23 Research Data Things – 16: Publishers & Funders

Explore a new form of data publishing: the data journal. Data journals focus on data, rather than discuss an analysis of the data (as in traditional journals).

I think data journals are actually very similar to traditional journals – they look the same, smell the same, follow the same kind of format. The experience of accessing a paper in a database is the same. However, in a weird way they’re the opposite of traditional journals, because the intention is backwards. In a traditional journal article, the research is done, data collected, to support the writing and publishing of the article. Here, the article is like a piece of supporting documentation for the dataset. The focus is on the data, with more tables, graphs, and explicit reference and links to the dataset in places of prominence. I think that this suits researchers that are more focused on putting the data out there, rather than the analysis and discussion.

 

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23 Research Data Things – 15: Data Management Plans

In the past I’ve had a look at the “Mantra” course from The University of Edinburgh which is really helpful.

They give an example of core components of a research data management plan (based on the DCC’s checklist). Most data management plans I have looked at contain some variation of these:

  • Administrative Information
    Name of the project and description, important dates, associated organisations, funding body, etc.
  • Data Collection
    Collection methods, types, formats, systems and structures for file management, etc.
  • Documentation and metadata
    Supporting documentation to help others read and interpret the data, metadata standards, controlled vocabularies
  • Ethics and Legal Compliance
    Consent needed for data collection, privacy and confidentiality concerns, copyright concerns.
  • Storage and Backup
    Where data will be stored, backup and recovery procedures, data security.
  • Selection and Preservation
    Contractual, legal or regulatory requirements impact on retaining, sharing, preserving data, length of time, details of repository or archive.
  • Data Sharing
    Discoverability, how it will be shared (e.g. repository), citation and persistent identifier.
  • Responsibilities and Resources
    Name of reponsible person(s) for each activity, hardware and software requirements, charges required, etc.

 

23 Research Data Things – 14: Identifiers and Linked Data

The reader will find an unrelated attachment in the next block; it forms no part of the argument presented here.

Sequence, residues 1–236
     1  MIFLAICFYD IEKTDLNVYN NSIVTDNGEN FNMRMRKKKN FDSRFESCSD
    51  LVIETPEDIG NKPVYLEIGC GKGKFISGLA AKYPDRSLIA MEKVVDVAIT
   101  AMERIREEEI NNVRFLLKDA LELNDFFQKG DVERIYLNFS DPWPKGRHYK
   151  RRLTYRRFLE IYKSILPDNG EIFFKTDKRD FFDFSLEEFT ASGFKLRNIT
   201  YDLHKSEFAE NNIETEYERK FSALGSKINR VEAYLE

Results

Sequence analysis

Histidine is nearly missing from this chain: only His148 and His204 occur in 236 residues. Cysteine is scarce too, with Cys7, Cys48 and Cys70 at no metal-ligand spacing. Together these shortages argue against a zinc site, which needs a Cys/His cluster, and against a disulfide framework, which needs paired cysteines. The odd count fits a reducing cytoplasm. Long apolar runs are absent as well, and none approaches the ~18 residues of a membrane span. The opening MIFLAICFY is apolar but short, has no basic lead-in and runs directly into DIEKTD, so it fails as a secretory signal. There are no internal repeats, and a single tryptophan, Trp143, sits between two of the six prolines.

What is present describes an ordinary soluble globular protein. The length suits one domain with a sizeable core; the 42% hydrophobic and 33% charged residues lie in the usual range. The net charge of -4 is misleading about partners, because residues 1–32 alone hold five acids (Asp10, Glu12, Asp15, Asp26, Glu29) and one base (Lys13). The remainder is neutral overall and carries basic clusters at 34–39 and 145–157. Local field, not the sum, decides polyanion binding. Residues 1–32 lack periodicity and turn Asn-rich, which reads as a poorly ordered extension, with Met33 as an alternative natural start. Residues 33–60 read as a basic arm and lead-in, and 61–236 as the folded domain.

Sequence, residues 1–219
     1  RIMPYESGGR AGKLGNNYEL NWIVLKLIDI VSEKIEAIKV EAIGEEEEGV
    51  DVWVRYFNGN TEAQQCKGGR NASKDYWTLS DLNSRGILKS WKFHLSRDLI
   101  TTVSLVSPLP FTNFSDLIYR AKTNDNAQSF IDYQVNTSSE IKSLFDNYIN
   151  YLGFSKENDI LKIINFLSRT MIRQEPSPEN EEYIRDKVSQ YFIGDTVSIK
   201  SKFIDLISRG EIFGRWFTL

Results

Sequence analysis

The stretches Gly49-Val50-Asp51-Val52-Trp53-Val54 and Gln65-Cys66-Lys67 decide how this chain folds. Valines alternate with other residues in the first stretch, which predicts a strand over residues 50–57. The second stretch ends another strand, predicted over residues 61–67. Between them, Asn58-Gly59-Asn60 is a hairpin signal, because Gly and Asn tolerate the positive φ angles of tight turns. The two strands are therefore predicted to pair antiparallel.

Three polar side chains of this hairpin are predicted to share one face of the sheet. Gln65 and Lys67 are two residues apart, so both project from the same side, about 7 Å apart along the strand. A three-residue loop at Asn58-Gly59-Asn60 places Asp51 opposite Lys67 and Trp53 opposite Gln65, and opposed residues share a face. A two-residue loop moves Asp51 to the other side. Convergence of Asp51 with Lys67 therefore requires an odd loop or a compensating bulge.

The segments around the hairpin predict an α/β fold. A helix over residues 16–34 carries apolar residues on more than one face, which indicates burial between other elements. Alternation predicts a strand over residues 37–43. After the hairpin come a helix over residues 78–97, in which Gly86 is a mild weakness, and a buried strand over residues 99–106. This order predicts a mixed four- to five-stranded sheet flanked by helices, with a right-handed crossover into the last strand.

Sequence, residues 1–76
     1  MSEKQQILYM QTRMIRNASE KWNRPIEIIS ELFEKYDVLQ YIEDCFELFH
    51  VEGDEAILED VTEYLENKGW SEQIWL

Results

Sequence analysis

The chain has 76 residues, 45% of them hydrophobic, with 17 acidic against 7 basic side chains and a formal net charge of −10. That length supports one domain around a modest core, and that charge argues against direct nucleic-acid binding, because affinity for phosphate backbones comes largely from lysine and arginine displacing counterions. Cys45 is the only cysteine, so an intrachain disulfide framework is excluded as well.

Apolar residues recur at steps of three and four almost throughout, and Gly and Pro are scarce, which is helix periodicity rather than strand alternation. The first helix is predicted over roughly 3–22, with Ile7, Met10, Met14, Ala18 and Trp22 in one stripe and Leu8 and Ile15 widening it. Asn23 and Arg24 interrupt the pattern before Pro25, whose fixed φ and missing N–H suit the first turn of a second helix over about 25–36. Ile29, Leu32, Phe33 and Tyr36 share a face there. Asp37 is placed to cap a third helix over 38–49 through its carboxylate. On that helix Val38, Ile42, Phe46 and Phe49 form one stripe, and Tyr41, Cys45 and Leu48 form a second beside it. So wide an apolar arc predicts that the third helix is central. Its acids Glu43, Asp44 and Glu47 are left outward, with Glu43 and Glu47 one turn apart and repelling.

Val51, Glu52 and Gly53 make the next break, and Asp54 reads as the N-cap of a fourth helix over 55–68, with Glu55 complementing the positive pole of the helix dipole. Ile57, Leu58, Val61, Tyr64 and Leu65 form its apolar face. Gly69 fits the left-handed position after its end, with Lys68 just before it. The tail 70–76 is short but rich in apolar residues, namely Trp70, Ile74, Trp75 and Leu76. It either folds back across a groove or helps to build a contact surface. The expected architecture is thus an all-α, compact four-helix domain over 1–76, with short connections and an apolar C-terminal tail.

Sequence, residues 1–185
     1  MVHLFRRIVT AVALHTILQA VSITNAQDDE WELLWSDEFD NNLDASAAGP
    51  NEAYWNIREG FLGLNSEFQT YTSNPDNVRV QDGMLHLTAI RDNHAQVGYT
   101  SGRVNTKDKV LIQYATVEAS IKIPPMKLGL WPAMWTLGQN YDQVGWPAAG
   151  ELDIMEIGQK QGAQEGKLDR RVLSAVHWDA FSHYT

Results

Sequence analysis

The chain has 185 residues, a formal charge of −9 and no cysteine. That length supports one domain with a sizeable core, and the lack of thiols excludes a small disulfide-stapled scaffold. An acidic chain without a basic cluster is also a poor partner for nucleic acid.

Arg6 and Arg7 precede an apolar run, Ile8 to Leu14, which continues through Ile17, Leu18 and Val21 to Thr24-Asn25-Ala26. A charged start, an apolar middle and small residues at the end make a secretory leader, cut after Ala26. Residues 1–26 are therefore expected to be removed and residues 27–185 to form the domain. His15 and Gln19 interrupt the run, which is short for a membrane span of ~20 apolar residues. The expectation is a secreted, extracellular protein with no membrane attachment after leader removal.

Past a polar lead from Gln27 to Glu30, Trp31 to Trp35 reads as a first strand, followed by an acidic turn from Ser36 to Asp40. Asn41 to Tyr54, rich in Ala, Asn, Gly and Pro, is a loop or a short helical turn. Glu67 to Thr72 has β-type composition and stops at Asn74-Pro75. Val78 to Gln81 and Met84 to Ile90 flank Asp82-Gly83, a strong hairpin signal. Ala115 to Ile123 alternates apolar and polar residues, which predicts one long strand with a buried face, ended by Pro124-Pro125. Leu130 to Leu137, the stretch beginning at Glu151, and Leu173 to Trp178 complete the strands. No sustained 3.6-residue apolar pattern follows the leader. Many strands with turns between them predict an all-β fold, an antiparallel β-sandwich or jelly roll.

ORCID is great. I’ve learned about it before and I’ve helped with an info session for researchers in setting up an ORCID profile. It’s a great way to achieve author disambiguation and can be helpful for researchers in promoting their output, and in a lot of cases is mandated in order to receive research funding.

When I searched ORCID for “John David Burton” there were 3 results that potentially matched the name. Two of them were “John Burton”, but there was no publication information on either of these profiles so it’s hard to tell if they are the same person. There are situations where the same person has duplicate IDs. The third potential result is for “J. D. Burton“- this is our guy. He has listed other names: John David Burton, John Burton, John D. Burton. Filling in a list of aliases is great for both disambiguation and discovery. He’s also linked his Scopus author ID and ResearcherID to his author profile, which is a good move because ORCID lets you import your paper details from these products.

Toby Burrows has done the same thing with Scopus and ResearcherID. There are quite a few datasets in his list of publications, but the publication type for these is “other”. At first I felt a bit offended, assuming ORCID was implying that datasets aren’t important enough to warrant their own category. But then I found a list of supported work types in ORCID and data-set does appear as a work type under the sub-heading “other”. Either this subheading causes it to display in ORCID as “other” (though I doubt it – since other fields like journal-article appear as they are and not under their wider subheading – “publications”) or if it was just the way the records were added/imported.